The party's own considerations on how to call itself should have some relevance, because it is its name. In the case of Boko Haram you seem to skip that it is done for the evident purpose of seeking simplicity, because of its actual name being "Jama'atu Ahlis Sunna Lidda'Awati Wal-Jihad". The problem is that you want to turn into a general rule something that is done in a case-by-case basis. Just as DVD uses the acronym on its title name, Compact disc doesn't. Or just as NATO and NASA use the acronyms, Federal Bureau of Investigation, National Security Agency or Central Intelligence Agency don't (and please, don't tell me that it's because reliable English sources don't use FBI, NSA or CIA to refer to them, because they actually do). So, please, don't try to turn this into a rule to be applied to everyone.
The doubt presented here, aside from the one whether to change the name or not, is whether to call this party "Syriza" or "SYRIZA", the only difference being that the latter is the official acronym, while the first one isn't, but both of them being the same length, being spelling the same, etc. By putting "SYRIZA" as the article name, it is understood that it is an acronym to something else. By saying "Syriza" it could lead to people thinking that it's actually the name of the party when it is actually an acronym. I can't really see the problem in using an official acronym instead of a word made popular by the English media, when both of them are spelled the same, and even when I've presented you situations of English sources prefering one term but the article being named in another way.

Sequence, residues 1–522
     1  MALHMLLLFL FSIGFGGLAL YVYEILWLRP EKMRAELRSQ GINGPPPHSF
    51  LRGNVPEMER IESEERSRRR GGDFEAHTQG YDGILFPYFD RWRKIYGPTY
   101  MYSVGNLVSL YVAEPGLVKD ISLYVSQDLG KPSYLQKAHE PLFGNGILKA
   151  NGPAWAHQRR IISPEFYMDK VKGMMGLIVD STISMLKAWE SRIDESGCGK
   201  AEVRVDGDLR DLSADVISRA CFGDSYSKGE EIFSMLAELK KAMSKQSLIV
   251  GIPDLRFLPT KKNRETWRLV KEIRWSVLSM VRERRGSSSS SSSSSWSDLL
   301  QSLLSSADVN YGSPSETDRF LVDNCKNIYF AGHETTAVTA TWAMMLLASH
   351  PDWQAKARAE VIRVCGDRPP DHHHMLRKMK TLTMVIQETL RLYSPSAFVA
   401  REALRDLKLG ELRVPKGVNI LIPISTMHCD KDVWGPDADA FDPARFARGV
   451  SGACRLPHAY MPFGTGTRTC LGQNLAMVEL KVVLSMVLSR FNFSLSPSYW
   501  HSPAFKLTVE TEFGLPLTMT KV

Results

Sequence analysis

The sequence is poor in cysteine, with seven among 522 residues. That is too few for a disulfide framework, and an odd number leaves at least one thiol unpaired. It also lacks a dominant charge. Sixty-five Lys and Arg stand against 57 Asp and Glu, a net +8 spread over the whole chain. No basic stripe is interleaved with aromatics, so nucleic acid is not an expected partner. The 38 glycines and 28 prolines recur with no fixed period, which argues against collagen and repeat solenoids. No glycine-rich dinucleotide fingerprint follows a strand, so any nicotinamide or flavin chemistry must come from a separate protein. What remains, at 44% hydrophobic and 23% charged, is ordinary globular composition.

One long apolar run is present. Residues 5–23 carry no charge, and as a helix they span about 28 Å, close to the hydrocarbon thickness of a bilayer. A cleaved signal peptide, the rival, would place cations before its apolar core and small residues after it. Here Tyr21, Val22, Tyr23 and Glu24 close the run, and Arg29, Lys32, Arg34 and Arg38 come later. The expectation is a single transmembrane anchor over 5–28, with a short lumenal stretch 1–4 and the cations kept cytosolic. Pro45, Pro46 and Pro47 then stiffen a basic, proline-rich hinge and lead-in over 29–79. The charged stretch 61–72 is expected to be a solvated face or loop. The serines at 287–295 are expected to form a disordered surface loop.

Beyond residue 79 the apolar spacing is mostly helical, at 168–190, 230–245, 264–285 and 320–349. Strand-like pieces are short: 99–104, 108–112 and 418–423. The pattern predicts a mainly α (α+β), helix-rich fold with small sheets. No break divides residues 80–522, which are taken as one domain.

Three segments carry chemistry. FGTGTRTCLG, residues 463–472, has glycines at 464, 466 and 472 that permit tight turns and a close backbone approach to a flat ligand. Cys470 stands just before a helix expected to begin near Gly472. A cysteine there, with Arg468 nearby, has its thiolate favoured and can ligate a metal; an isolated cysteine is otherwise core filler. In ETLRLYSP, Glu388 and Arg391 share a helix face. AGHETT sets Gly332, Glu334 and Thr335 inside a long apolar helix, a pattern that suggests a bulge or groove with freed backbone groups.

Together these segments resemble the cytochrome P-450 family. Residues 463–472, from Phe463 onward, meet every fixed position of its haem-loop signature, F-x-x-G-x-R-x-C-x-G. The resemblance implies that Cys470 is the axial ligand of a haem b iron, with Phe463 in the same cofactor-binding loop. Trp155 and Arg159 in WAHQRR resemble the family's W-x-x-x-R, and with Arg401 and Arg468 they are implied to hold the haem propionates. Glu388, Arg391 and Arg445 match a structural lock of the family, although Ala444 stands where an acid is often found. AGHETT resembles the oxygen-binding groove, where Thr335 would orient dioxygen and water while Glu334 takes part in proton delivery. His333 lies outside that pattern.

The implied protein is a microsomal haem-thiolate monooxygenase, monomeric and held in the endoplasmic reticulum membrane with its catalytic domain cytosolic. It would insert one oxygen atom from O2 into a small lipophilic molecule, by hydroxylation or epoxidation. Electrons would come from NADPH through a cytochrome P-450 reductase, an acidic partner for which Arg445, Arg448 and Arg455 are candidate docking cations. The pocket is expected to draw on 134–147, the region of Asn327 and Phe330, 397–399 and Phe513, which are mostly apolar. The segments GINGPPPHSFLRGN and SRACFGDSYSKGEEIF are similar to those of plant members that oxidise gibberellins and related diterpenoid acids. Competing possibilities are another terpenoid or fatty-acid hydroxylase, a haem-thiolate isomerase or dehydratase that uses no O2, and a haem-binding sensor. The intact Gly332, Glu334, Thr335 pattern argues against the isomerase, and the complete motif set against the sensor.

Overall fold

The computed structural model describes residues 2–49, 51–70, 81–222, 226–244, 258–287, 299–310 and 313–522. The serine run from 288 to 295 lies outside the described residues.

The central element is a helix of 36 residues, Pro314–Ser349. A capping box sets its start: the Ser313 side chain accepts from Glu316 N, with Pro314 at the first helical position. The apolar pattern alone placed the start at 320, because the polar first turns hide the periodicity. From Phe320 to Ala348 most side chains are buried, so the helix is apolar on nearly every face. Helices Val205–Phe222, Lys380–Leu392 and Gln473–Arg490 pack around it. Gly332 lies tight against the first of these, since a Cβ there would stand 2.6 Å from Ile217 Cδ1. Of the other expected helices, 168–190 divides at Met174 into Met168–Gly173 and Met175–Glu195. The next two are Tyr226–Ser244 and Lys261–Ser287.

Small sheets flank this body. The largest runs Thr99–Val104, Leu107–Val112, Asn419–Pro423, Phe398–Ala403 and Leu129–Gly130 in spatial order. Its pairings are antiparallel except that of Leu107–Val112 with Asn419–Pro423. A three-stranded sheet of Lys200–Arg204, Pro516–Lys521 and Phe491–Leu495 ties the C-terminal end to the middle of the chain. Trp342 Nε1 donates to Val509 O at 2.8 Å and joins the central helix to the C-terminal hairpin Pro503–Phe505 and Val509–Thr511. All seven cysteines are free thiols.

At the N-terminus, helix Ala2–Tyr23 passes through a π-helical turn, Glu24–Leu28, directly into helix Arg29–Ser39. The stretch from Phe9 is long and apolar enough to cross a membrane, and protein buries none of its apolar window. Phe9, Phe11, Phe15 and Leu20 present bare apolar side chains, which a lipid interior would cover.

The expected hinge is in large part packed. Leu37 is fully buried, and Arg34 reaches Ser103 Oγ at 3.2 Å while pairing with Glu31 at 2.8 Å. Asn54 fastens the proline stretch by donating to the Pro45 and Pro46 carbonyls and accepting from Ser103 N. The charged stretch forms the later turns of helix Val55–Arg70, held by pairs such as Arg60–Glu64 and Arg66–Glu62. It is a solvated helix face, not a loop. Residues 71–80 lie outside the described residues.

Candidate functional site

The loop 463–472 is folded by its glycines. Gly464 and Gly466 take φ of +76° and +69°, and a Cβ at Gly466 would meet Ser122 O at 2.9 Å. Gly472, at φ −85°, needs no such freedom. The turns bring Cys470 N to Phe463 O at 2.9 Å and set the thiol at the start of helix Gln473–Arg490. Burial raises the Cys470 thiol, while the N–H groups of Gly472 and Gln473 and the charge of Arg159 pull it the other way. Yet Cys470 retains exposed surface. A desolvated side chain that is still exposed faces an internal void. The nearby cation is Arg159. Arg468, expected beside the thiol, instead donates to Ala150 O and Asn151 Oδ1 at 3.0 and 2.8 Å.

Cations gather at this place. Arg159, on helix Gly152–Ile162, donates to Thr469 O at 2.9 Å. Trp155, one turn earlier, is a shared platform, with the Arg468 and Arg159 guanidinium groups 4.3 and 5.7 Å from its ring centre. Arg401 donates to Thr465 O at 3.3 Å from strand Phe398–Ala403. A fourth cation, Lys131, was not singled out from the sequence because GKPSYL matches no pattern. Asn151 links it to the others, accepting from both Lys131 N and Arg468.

The article you posted on "Syriza" has been copied in SYRIZA's website from an English source (that's why it's spelled "Syriza" and not "SYRIZA"). That said, English sources "sometimes" also refer to SYRIZA as "Coalition of the Radical Left" (in fact, they usually do it at the beginning of their articles in order to explain what the acronym does mean). But as has been exposed, English sources are not what always matter. Impru20 (talk) 22:06, 26 January 2015 (UTC)
I expect when the article is renamed, that the fact it is an acronym will be explained in the first sentence (as it is at present, and as it is in the other articles I linked to above). This fact also doesn't stop the BBC et al referring to it as Syriza. Number 57 22:20, 26 January 2015 (UTC)